Published 4:30 pm Thursday, October 28, 2010
I'm not sure when it started-or why and how. However, I do vaguely remember a Halloween some decades ago when the boys were youngsters and their dad, a.k.a. that man-of-mine, was helping them get dressed to go trick or treating.
In those days, costumes weren't really costumes; they were an imaginative collaboration of practicality and availability. Store-bought costumes were out-of-the-question for a family with a stay-at-home mom and the modest income of a state trooper.
As he helped transform the boys into a very short Tonto and a somewhat distinguishable pirate, he chided me about my cutesy Halloween decorating, which consisted of a cardboard cutout of Casper the Friendly Ghost taped to the storm door and a very silly looking jack-o-lantern on the front porch. What can I say-I don't like scary stuff-never have-never will. Hey, my version of a horror movie is the Wizard of Oz. Those flying monkeys haunted me for years.
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The boys and I joined a group of moms and kids for our jaunt around the neighborhood. Meanwhile, back at the homestead, the hubby decided to reset the theme. Upon our return, there was an eery-looking creature sitting on the porch. He was dressed in a pair of familiar-looking brown coveralls; and, he was holding his head in his hands. Casper was hanging in the jaws of a giant spider and my mild-mannered jack-o-lantern had turned into a gory gourd.
Fortunately, the evolution to even more horrific Halloweens was rather slow. It took years of police work coupled with parenting two teenaged boys and putting up with me before he really got into the spirit. Now, Halloween is one of his favorite holidays.
Although…I have noticed his enthusiasm is waning just a bit. Here it is just a few days before Trick or Treat and there are only five graves and a coffin in the front yard and a lone mummy waiting at the door.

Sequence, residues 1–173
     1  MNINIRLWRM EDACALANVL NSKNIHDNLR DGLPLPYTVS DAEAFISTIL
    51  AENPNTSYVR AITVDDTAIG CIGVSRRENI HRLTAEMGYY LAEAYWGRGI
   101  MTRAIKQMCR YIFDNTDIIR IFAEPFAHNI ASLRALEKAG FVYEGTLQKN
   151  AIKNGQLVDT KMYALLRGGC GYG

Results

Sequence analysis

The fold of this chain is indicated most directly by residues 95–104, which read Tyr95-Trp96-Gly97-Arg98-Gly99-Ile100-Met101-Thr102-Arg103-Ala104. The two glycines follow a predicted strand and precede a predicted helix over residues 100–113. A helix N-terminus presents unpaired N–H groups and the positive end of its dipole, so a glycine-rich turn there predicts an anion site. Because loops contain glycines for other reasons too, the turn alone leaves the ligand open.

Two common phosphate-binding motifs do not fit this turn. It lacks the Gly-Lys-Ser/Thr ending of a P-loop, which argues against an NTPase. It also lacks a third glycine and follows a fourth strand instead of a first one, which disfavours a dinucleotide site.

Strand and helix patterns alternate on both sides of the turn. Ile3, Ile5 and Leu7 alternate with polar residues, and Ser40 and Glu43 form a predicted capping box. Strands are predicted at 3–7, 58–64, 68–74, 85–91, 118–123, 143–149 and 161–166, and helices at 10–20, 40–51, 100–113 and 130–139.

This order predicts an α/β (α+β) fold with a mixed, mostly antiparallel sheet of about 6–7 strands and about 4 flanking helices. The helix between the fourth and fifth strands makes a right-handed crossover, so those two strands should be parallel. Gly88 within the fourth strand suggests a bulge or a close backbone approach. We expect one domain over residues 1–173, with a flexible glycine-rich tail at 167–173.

I attribute the slow start to two things-his propensity to procrastinate and the overwhelming number of Halloween props he has gathered over the years.
An old henhouse, which, by the way, is located way behind the house near a small cemetery that dates back to the 1800s, serves as his Halloween shed. I call it the morgue. Opening the door yields the graveyard crew, fake tombstones, Frankenstein, the Grim Reaper, and numerous masked dummies dressed in hand-me-downs. Miss Witchie-Poo, who is usually positioned to look like she slammed into a tree during a midnight flight, hangs from the rafters.
Plastic skeletons and a collection of fake bones are stacked from floor to ceiling. Several very scary-looking bats loom from the loft. Trunks filled with rubber rats, hairy spiders, and creatures that should be in the dark lagoon wait for opening day.
Decorating for Halloween had to be easier when his Ghoul Club fit into two of those trunks. Now, when the door to that shed opens, it's like stepping into a scene from CSI, Green Acres. Okay, so maybe its more like CSI meets the Adams Family.
It's a ghastly thought but I think the hubby may be suffering from Halloween Overload Syndrome. According to my research, it can be brought on by way too many after-Halloween sales and a barrage of DYI Fright Night How-To programs. Maybe I should check to see if there is a self-help guide or rehab facility that could help him get back on track. Naaah.
Hmm, perhaps I could find another cardboard Casper. And, I've got two large pumpkins on the front porch that have the potential for looking really cutesy. I could surround them with clusters of sunflowers and some fall foliage. Aaah yes, wouldn't my little stuffed scarecrow look adorable propped next to the pumpkins? And, maybe, just maybe, that man-of-mine would let me do a Cinderella makeover on Miss Mummy.
Reckon there's any chance this won't spur him to get his ghoul on? KNOTT MUCH